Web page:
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Operation TIPS Trips Up?

In the aftermath of Sept. 11, President Bush laid groundwork for "Operation TIPS", a program which would organize a volunteer army of citizen lookouts to report "suspicious" activities to the federal government.

Under "Operation TIPS", transportation workers, utility crews and letter carriers could sign up to snoop on members of their communities. Attorney General Ashcroft argued such vigilance could thwart terrorists, CBS News Correspondent Bob Orr reports.

"You have the ability of people who have a regular perception, who understand what's out of order here, what's different here, and maybe something needs to be looked into," Ashcroft said.

But the concept of people spying on their neighbors incenses civil liberties advocates.

Said Bill Goodman of the Center For Constitutional Rights, "The idea of turning us into a society of snitches is a disturbing one, a troubling one and one in which this Administration should be ashamed."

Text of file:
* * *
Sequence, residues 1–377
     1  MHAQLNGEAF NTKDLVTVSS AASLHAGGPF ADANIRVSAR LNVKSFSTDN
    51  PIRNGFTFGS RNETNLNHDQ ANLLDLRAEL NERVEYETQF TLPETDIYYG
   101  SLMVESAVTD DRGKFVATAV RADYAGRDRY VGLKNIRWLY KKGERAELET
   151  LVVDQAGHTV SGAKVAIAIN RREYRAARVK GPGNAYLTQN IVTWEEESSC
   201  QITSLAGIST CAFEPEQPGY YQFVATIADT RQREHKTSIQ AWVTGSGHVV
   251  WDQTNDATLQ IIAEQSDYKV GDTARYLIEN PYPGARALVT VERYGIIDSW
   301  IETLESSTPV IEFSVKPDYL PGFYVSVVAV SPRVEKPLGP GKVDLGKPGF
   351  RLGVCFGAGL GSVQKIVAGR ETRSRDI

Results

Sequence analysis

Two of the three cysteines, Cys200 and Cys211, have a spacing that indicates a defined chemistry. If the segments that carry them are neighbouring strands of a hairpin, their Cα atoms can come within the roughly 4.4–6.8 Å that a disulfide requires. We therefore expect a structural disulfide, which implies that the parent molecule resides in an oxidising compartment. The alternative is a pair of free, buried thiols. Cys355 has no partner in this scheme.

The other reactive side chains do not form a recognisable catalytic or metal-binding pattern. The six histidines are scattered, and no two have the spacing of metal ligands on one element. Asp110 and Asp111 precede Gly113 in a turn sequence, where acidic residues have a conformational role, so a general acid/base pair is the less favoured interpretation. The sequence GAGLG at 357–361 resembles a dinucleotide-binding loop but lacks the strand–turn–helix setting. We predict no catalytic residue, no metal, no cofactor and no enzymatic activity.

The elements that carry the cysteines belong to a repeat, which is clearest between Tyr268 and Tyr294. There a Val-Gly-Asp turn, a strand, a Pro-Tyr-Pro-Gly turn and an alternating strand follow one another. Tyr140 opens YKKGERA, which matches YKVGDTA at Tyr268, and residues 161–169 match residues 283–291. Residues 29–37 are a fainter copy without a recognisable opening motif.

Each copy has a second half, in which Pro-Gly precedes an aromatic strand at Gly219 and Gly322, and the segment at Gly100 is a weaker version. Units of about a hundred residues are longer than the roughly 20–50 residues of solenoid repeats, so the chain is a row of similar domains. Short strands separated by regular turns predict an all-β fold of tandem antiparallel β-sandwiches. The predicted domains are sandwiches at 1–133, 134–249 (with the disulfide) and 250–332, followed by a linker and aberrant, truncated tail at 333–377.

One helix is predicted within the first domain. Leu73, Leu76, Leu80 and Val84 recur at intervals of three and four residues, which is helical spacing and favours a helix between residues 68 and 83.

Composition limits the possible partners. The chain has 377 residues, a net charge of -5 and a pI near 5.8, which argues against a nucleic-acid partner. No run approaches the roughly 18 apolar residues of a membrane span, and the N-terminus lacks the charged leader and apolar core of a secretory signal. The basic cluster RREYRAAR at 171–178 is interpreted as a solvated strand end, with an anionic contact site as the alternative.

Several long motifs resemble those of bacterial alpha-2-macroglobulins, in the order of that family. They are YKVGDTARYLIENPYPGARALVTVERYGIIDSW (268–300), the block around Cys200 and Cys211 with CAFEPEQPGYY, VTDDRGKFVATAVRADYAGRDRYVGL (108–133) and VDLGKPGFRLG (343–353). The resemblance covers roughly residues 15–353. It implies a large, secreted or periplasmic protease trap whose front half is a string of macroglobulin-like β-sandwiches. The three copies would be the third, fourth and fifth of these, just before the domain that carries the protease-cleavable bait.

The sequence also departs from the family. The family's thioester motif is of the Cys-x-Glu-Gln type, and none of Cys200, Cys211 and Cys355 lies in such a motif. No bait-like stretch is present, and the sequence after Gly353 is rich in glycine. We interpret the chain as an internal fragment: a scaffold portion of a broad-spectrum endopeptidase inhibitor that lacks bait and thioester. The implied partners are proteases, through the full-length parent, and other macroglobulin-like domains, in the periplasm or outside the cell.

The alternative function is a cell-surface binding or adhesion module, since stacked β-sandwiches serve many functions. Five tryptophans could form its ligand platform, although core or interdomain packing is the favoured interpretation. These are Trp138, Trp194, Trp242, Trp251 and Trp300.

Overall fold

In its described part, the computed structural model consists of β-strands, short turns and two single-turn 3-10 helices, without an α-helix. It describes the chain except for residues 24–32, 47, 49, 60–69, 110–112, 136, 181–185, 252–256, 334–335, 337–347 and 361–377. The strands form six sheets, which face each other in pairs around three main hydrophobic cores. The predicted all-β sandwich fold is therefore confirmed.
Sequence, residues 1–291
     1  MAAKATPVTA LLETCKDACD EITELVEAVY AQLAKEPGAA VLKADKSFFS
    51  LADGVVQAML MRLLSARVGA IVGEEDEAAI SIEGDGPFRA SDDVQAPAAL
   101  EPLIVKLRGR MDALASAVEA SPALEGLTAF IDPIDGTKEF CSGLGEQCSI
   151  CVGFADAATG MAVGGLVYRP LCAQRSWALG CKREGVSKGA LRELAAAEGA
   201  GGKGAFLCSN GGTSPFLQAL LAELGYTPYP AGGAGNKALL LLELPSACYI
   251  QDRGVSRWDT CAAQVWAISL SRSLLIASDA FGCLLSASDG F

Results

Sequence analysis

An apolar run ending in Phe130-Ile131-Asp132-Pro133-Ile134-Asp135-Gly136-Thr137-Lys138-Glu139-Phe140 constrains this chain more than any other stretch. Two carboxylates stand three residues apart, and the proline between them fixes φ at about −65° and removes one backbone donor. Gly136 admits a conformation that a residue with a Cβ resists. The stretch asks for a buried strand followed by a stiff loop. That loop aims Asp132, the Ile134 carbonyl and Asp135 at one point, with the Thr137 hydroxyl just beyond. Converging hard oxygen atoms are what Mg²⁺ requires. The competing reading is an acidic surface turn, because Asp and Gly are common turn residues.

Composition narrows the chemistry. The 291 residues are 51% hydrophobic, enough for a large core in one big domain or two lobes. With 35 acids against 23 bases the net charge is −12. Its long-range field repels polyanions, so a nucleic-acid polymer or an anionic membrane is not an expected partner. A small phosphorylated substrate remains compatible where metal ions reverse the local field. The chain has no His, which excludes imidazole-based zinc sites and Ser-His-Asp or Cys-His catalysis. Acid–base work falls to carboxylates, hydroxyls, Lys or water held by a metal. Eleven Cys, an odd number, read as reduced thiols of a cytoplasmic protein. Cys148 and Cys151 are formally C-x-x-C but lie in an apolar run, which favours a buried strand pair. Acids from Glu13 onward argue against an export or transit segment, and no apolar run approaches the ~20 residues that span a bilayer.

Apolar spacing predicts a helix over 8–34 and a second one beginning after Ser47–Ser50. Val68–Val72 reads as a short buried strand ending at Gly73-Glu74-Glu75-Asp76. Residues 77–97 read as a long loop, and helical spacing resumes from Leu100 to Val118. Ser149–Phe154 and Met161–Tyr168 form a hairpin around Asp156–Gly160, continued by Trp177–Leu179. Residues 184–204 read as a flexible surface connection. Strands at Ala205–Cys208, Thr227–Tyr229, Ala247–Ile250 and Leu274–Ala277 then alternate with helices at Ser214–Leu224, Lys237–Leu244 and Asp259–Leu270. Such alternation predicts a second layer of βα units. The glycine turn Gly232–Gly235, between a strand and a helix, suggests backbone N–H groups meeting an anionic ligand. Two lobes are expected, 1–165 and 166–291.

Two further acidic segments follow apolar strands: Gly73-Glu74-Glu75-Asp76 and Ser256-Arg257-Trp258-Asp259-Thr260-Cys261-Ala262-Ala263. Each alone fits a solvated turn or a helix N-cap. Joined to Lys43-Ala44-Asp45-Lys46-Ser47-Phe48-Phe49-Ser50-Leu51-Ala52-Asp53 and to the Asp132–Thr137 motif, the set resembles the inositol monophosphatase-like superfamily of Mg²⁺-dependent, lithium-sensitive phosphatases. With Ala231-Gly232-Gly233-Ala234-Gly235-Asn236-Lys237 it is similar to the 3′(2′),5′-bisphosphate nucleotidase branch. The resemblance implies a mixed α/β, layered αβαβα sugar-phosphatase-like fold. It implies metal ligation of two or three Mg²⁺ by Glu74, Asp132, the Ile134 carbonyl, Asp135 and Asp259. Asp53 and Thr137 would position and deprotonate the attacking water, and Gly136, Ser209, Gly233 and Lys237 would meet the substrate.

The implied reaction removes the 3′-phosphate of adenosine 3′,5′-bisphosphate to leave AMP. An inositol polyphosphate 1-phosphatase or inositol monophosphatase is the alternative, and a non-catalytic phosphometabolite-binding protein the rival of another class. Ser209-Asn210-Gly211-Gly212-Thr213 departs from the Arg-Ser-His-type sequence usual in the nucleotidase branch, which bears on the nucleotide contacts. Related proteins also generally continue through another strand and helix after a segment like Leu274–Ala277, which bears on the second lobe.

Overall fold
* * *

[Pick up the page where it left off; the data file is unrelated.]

And I.C. Smith, who spent 25 years at the FBI, says TIPS information could actually distract investigators.

"I think it has very little law enforcement benefit. In fact I think it actually has probably more of a down side than a benefit," Smith said.

Perspective TIPS volunteers are told to sign up on a government Web site.

Dave Lindorff, a writer for Salon magazine, did just that. But Lindorff found confusion when a Justice Department switchboard operator gave him a TIPS number that turned out to be for a television program.

"I called that number expecting to get an FBI operative to take
my information down and instead I got a voice that said "America's Most
Wanted," Lindorff said.

While "America's Most Wanted" did help the government field calls in
the anthrax scare, the program is not part of TIPS. And the Justice
Department says Lindorff's call was mistakenly routed -- TIPS phone banks are not yet operational.

"As far as I can see, the TIPS idea is nothing but a big PR operation to make it look like the Justice Department is doing something significant to attack terrorism," Lindorff said.

The Bush Administration has tried to gain support by promising that private homes will be off limits to snooping. But it may be too late. Congressional leaders in both parties are backing legislation to stop TIPS in its tracks.

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